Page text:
II. Pathophysiology

  1. HIV is a single-stranded RNA Retrovirus, a Sexually Transmitted Infection as well as bloodbourne pathogen
    1. HIV 1 is the most common worldwide HIV form and is the major cause of AIDS
    2. HIV 2 causes a similar presentation to HIV 1 and is found in South Africa and India
  2. HIV is a Retrovirus
    1. Virus that generates complementary DNA from RNA via reverse transcriptase enzyme
    2. Virus then inserts its DNA into the host DNA via integrase enzyme
  3. HIV Structure
    1. Outer wall of HIV is a lipid bilayer membrane
      1. Membrane contains embedded glycoproteins (gp120 is external, gp41 is transmembrane)
      2. P10 protease is present between this outer wall and the nucleus-like structure's capsid membrane
    2. Nucleus-like structure is surrounded by capsid wall (p17) and contains RNA and enzymes
      1. Two strands of single stranded RNA, each enclosed in a nucleocapsid (p24)
      2. Enzymes: p32 Integrase, p64 reverse transcriptase
  4. HIV Infection
    1. Fusion
      1. HIV gp120 binds to CD4 receptors on CD4+ T Cells (as well as Macrophages and dendritic cells)
    2. Proviral DNA generation
      1. Virus penetrates the host cells, with its RNA infiltrating the cytoplasm
      2. Complementary DNA (cDNA) is formed from HIV RNA via reverse transcriptase enzyme
      3. cDNA penetrates the host cell's nucleus and integrates with host DNA via HIV integrase enzyme
    3. HIV DNA transcription and translation
      1. Proviral DNA is transcribed into messenger RNA (mRNA)
      2. mRNA is translated into HIV viral proteins
    4. HIV Budding
      1. Single stranded RNA and viral protein enzymes are repackaged via part of host cells membrane
      2. Newly formed encapsulated virus leaves the cell
    5. Reactivation Propagation
      1. HIV proviral DNA is activated after a latent period of months to years
      2. Reactivation and propagation via HIV Budding results in progressive CD4+ T Cell destruction
  5. References
    1. Mahmoudi (2014) Immunology Made Ridiculously Simple, MedMaster, Miami, FL

III. Course: Natural History of HIV Disease

  1. Total duration from initial HIV Infection to AIDS
    1. No treatment: 10 years
    2. Early Antiretroviral therapy: May approach normal Life Expectancy
  2. Active immune response after infection: 2.1 months
  3. Primary infection usually asymptomatic
    1. Acute Retroviral Syndrome in 30-50%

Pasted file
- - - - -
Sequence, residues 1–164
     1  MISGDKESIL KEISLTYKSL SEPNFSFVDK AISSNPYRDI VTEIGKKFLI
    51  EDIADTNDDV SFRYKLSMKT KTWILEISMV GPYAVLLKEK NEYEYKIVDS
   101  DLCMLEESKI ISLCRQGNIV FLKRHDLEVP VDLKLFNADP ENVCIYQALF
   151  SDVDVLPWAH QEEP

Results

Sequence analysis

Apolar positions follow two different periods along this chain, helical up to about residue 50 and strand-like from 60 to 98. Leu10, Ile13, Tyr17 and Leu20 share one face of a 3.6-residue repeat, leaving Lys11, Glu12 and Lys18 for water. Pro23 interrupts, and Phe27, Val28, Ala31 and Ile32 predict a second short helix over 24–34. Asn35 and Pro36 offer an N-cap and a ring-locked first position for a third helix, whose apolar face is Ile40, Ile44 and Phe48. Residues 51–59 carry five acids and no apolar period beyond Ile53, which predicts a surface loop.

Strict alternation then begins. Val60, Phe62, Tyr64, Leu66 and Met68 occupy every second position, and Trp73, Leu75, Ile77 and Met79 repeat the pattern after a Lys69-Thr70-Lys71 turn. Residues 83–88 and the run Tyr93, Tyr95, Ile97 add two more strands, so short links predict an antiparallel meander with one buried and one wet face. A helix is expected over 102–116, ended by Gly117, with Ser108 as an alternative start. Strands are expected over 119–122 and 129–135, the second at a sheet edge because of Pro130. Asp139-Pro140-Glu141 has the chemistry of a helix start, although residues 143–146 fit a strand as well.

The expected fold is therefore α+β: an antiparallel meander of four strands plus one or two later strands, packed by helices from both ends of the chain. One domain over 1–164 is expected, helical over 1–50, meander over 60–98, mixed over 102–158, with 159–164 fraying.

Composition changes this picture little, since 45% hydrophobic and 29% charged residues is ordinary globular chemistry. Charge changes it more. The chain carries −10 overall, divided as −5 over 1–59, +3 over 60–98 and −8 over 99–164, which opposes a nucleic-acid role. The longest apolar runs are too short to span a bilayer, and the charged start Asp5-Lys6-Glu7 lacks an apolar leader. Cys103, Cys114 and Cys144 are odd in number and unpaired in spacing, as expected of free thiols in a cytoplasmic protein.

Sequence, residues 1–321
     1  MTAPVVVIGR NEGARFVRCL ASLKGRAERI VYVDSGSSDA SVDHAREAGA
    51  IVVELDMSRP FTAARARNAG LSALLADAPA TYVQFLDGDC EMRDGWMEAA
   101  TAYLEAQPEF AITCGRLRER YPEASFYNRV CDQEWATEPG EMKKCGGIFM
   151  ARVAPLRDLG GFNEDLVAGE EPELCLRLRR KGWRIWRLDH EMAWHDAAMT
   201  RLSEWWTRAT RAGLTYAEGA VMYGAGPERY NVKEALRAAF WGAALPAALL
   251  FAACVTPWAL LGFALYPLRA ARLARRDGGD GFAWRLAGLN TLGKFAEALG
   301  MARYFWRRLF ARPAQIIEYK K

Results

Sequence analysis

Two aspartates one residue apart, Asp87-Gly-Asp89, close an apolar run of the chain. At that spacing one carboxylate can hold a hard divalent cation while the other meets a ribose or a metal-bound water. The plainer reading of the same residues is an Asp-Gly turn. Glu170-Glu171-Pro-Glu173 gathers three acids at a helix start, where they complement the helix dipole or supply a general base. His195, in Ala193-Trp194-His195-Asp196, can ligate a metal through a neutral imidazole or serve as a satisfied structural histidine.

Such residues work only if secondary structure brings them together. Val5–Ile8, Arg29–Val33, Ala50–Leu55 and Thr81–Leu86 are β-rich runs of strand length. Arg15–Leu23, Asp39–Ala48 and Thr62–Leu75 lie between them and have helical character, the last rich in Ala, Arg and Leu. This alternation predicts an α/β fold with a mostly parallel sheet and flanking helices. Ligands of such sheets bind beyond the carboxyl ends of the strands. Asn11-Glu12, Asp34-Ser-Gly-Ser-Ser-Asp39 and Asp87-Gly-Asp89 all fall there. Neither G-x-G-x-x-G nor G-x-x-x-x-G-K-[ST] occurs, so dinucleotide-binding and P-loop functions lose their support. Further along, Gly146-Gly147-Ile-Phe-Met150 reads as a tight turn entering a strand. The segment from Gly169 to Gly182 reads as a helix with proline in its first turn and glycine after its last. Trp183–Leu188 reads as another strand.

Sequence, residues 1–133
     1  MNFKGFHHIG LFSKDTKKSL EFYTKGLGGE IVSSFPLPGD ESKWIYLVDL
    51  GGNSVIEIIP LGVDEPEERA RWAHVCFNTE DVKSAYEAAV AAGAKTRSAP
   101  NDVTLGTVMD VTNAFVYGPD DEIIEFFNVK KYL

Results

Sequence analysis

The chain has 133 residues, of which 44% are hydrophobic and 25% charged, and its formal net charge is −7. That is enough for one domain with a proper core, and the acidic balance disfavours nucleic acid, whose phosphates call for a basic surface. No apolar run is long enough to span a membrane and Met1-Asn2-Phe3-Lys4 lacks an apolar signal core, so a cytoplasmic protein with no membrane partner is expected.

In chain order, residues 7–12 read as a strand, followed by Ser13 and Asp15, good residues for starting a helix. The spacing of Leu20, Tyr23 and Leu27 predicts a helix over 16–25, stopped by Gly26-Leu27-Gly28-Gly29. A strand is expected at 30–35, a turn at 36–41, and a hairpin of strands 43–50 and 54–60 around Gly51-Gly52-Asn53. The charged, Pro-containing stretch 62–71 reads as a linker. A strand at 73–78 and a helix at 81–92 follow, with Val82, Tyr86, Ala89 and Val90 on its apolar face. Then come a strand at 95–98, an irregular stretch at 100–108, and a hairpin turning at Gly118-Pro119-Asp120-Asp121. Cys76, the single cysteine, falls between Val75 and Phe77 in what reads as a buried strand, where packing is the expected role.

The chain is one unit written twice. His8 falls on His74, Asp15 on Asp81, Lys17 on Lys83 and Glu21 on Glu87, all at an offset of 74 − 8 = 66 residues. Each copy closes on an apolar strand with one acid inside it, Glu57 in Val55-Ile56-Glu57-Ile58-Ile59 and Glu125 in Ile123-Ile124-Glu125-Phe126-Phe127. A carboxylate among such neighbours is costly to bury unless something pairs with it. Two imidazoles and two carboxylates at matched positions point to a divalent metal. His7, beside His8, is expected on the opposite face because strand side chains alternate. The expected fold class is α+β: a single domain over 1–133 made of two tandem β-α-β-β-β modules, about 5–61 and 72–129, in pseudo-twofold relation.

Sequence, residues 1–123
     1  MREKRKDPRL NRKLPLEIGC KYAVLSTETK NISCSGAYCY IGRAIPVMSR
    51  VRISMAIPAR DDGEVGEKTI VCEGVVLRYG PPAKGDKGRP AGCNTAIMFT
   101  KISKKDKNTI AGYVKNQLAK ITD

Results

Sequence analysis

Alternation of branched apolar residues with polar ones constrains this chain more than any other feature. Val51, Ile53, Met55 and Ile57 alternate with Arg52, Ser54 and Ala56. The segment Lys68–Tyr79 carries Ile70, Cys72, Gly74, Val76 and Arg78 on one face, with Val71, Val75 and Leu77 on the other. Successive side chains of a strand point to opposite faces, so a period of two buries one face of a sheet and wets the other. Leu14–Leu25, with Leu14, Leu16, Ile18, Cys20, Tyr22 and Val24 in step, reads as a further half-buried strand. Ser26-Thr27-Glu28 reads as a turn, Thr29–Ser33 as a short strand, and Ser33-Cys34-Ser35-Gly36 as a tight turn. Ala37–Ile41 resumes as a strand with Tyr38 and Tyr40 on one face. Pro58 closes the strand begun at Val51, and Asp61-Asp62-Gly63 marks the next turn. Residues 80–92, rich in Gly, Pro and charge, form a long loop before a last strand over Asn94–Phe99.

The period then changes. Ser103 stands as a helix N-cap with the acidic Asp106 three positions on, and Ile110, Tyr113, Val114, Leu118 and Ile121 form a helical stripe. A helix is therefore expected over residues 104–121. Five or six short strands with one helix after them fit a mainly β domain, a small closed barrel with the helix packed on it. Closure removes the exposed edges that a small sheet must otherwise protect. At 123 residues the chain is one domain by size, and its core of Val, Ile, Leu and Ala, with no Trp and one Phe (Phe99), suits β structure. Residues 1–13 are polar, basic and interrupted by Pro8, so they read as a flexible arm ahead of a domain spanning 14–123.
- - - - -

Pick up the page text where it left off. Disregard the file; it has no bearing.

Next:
4. Initial infection with single Genotype
    1. Evolves into 15-20 distinct viral variants
  5. Virus gains access to CD4+ Cells via sequential binding
    1. CD4 receptor via sequential binding with CD4 receptor in combination with CCR5 or CXCR4 co-receptors
  6. Over time:
    1. CD4+ Cell numbers decrease
    2. Viral concentrations increases

V. Staging: General

  1. Stage 1: CD4 500 Cells/mm3 or more
  2. Stage 2: CD4 200 to 499 Cells/mm3
  3. Stage 3: CD4 <200 Cells/mm3 or AIDS-Defining Illness

VI. Staging: Early disease (CD4 Count > 500 cells)

  1. Presentation
    1. No symptoms
    2. May show mild Lymphadenopathy
  2. Management
    1. Early Antiretroviral therapy is recommended for all stages of HIV
    2. Previously, asymptomatic patients in this stage received no therapy
  3. Course over following 18-24 months
    1. Risk of occult infection or death: <5%
    2. Slow decline in CD4 Counts (40 to 80 cells/year)

VII. Staging: Intermediate Disease (CD4 Count 200 - 500 cells)

  1. HIV related disorders
    1. Thrush
    2. Pronounced Vaginal Candidiasis, Onychomycosis
    3. Recurrent Herpes Simplex Virus Infection
    4. Recurrent Varicella Zoster Virus Infection
    5. Pruritic Folliculitis
    6. Recurrent Bacterial Infections
    7. Mycobacterium tuberculosis
    8. Anogenital ulcers or warts
  2. Complications
    1. Pneumocystis carinii Pneumonia
      1. Atypical in this stage
    2. Kaposi's Sarcoma
    3. Non-Hodgkin's Lymphoma
  3. Management
    1. Antiretroviral therapy is continued from prior stages
  4. Course (Untreated) over following 18-24 months
    1. Risk of occult infection or death: 20-30%
    2. Treatment reduces risk by 2-3 fold

VIII. Staging: AIDS Late Symptomatic Disease (CD4 50-200 Cells)

  1. Complications
    1. Development of Occult Infections
  2. Management
    1. Pneumocystis jiroveci prophylaxis (when CD4 Count <200 cells/mm3)
    2. Toxoplasmosis prophylaxis when CD4 Count <100 cells/mm3
    3. Antiretroviral therapy continues
  3. Course (Untreated) over following 18-24 months
    1. Risk of occult infection or death: 70-80%

IX. Staging: Advanced Disease (CD4 Count < 50-100 cells)

  1. Complications
    1. Disseminated Mycobacterium Avium Complex
    2. Cryptococcal Meningitis
    3. Cytomegalovirus retinitis
    4. Cryptosporidiosis
    5. Disseminated Histoplasmosis
    6. Progressive Multifocal Leukoencephalopathy
    7. Primary CNS Lymphoma
    8. AIDS Dementia
  2. Routine Management
    1. Anti-Pneumocystis carinii prophylaxis
    2. Antiretroviral Management
    3. Anti-Mycobacterium Avium Complex prophylaxis
      1. Start at CD4 Count < 50 cells/mm3
    4. Screen for CMV Retinitis
      1. Ophthalmology exam every 6 months
  3. Course
    1. High likelihood of Occult Infection or death

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